These are the scare stories and largely that is exactly what they are. They are not based on fact. The wealthy do have the money, they do not move abroad and productivity is not affected. We know this, because in more equal countries we can observe it.

Tory voters see public services as largely superfluous to their needs. And apart from a few council services, the police and the NHS, they are unconcerned about cutbacks. They see the NHS as still fine and free to use at point of use and do not realise the extent it is under threat.

Of course some Tories are  undoubtedly selfish or ignorant of the issues. And so are some Labour voters, or voters of any other party for that matter. It's a question of degree. But even if Tories were all being selfish. How does that help those of us on the left?

Are they turkeys voting for christmas? A lot of us on the left are convinced of this. We get accused of arrogance for espousing this view. But undoubtedly a lot of us who believe this ARE more politically informed than our Tory voting peers.

Who reads manifestos? I live and breathe politics. I know more policy proposals off the top of my head than anyone I know. But I still only know a fraction of each manifesto.

For at least the last 40 years of my parent's life, they never saw their vote affect the result anyway. They lived in a safe seat. That is probably the bigger issue than political education.

My dad finished up as a UKIP voter, even enthusiastically displaying their poster in his window.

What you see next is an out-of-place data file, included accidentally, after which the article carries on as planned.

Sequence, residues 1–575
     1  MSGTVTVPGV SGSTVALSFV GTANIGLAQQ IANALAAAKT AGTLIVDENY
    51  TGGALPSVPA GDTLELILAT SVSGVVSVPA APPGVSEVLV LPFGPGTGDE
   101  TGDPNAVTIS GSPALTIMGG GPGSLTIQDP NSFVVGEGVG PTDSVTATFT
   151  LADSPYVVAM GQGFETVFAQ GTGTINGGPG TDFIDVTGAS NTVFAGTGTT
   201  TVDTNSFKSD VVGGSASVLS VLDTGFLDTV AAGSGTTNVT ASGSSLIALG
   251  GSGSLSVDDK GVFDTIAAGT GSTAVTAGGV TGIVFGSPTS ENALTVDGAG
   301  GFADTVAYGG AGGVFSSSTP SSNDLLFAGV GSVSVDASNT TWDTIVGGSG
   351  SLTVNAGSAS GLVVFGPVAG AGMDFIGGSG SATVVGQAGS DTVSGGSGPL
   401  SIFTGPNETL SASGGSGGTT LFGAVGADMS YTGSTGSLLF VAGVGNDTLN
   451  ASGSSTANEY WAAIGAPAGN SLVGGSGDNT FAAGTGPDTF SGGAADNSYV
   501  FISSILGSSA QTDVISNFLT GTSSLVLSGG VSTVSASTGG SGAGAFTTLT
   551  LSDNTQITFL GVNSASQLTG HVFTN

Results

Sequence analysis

His political journey seems typical of an average surburban voter.

The Tories don't dominate the suburbs, but they do win more votes there than Labour.

This is the key. How do Labour win back the suburbs? Or even, how do we persuade the suburbs that the Tories really aren't your friends. If there is an economic crash by 2020, Labour might not have to. The economy is the Tories ace card. If their credibility goes on that, like after 1992, they will haemorrhage votes.

But Labour now have other Tories to fight - UKIP. UKIP are basically Tories without the damaged brand name. Until voters see UKIP in power, they cannot judge them.

Labour actually did quite well in big town and city centres. But they did terribly elsewhere.

From my point of view, I am beginning to not care who Labour choose for their leader, or what direction they take. If Labour win on a right wing platform or lose again on a platform pretending to the left (but manifestly refusing to defend universal benefits), then there is little point to their existence.

The bigger question is where their voters go. If UKIP continue to build up support from those who economically are on the left. Then we are in real trouble.

I look for a renaissance on the left. And hope that things don't have to get too much worse before there is a reaction. But lets hope we don't leave it too late. The USA shows, once universal welfare is gone (whether healthcare or social) it is near impossible to get back.